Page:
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Parade and Umpqua Energy Fair on newly-completed 'green street'

The 2013 Multnomah Days street festival will in many ways be a celebration of sustainability.

Stormwater and streetscape project

by: SUBMITTED PHOTO: PORTLAND BUREAU OF ENVIRONMENTAL SERVICES - A rendering of the completed Multnomah Village Stormwater and Streetscape Project on Southwest Capitol Highway, which serves as the Multnomah Days parade route.This summer, the Portland Bureau of Environmental Services (BES) has been doing construction on the Multnomah Village stormwater and streetscape project.

Through this project, taking place on Southwest Capitol Highway between Southwest 35th and 36th avenues, BES has been widening sidewalks, planting trees and rearranging parking on both sides of Southwest Capitol Highway, thereby changing the parking configuration.

The project has also involved installing in the Multnomah Village business district a series of "green streets," landscaped streetside planters or swales that capture stormwater runoff and allow it to soak into the ground as soil and vegetation filter pollutants.

Perhaps unsurprisingly, this has been chaotic for area businesses. With the street torn up, traffic was blocked off and redirected and pedestrian access was limited, forcing many businesses on either side of Capitol to put up signs in their windows confirming that they were in fact still open.

“Multnomah Village has been so ripped up with all this construction,” said Joan Steinbach, Multnomah Days organizer. “So we’re trying to get people excited about the positive change that’s going to be happening.”

“In the long term, these … projects … will greatly improve the livability of our neighborhood,” said Multnomah Neighborhood Association Chairman Moses Ross. “Additionally, I feel it will establish a precedent for future neighborhood improvements and can be pointed to as an example of a successful collaboration between the city and the neighborhoods.”

Energy fair

Dovetailling with this year’s Multnomah Days theme, “The Village Goes Green!,” will be the second annual Umpqua Energy Fair.

“We saw in the Portland community there might be a lot of questions about going green,” said Joe Haffey, who works at the Multnomah Village Umpqua Bank branch and is coordinating the fair. “We partnered with PGE, a longtime sponsor of Multnomah Days … got a few other key players involved and tried to make it a place where people could go to ask questions about going green, whether it be in their home or at their businesses.”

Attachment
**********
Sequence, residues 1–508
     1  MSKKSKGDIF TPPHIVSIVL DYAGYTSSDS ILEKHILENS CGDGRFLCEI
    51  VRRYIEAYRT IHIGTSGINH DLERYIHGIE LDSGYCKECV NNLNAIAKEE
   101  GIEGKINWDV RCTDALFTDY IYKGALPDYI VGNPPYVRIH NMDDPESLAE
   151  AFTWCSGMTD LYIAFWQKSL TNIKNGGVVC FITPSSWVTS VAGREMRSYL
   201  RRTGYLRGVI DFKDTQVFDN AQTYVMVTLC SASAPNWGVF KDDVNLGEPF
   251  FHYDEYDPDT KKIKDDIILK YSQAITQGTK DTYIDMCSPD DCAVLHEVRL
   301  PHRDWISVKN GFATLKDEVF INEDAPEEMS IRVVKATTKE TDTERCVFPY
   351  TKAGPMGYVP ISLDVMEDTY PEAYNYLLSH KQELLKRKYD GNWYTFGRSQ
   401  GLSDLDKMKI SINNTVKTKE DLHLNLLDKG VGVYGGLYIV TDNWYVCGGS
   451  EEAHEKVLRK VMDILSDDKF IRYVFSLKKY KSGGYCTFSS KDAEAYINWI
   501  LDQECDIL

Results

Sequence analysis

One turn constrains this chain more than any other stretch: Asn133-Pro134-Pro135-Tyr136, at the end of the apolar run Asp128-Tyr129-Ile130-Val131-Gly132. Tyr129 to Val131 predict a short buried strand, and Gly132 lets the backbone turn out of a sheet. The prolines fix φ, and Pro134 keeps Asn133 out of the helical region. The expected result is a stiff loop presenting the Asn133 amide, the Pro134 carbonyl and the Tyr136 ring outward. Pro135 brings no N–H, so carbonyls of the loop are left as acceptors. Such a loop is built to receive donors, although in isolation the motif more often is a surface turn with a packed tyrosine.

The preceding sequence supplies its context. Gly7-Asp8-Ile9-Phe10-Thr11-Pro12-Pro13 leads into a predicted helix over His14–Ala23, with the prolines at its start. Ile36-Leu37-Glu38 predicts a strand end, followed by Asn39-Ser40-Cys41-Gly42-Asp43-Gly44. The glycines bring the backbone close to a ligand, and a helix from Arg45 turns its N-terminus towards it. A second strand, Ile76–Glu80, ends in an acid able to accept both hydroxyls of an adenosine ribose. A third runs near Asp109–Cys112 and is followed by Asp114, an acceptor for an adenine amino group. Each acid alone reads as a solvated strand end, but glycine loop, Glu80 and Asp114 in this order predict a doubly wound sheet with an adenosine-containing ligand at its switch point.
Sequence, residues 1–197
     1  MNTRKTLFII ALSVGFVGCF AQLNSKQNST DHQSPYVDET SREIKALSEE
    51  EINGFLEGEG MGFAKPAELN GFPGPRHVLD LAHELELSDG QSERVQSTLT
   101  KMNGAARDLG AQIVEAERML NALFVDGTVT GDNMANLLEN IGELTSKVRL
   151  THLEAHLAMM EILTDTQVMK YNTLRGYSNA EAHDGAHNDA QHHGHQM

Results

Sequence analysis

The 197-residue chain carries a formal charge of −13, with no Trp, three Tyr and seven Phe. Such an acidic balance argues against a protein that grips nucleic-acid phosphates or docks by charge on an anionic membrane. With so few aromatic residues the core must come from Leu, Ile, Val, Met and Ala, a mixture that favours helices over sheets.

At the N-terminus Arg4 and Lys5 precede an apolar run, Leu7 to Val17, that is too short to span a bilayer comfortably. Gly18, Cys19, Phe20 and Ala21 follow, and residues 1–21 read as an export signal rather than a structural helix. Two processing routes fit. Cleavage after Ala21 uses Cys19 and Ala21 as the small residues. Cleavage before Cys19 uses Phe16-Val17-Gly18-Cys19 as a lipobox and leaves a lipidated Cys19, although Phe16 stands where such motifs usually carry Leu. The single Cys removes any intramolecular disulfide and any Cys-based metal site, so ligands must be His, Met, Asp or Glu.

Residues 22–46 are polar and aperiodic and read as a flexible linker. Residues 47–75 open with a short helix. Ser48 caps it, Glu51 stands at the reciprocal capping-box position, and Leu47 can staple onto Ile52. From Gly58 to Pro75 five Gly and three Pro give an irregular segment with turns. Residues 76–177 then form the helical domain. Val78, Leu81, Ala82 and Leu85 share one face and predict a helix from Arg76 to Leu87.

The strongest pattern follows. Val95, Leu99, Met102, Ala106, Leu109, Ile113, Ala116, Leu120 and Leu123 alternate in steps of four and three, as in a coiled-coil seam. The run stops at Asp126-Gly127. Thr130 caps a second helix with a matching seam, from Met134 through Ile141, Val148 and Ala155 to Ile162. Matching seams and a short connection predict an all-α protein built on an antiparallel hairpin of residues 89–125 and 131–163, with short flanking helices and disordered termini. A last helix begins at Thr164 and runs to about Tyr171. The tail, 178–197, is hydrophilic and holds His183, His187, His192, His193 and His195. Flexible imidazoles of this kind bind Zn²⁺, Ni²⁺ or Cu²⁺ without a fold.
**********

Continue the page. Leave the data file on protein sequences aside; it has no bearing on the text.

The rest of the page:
In this mini-fair outside the Umpqua Bank Multnomah Village location on Southwest Capitol Highway, PGE will have one booth and Umpqua should have three. Umpqua’s booths will showcase the green options made available by local contractors that work with nonprofits such as Clean Energy Works Oregon (CEWO), which provides free home energy assessments and finances qualifying home energy remodels through local lender partners including Umpqua Bank.

Umpqua’s CEWO-partnered loan program is known as GreenStreet Lending.

Though Haffey said the fact that this home equity line of credit and a key aspect of the Multnomah Village stormwater and streetscape project share the same name is purely coincidental.

“There’s definitely a green theme with the space directly in front of our store, and that’s right where the energy fair will be,” he said. “That project … I hope it will be good pairing with that too."

For the Umpqua Energy Fair, the ultimate goal, Haffey said, is “trying to get people from different avenues in going green.”

Garden Tour

Sometimes, however, going green means getting rid of a major form of greenery. Many of the homes on this year’s Multnomah Garden Club Garden Tour feature yards without grass.

“Grass uses a lot of water,” explained Shay Nofsinger of the Multnomah Garden Club. “So if people don’t feel like it and are interested in the environment, they pull their grass out.”

More importantly, she said, “As a gardener … grass isn’t very fun. Flowers and bushes and all that other stuff is much more fun.”

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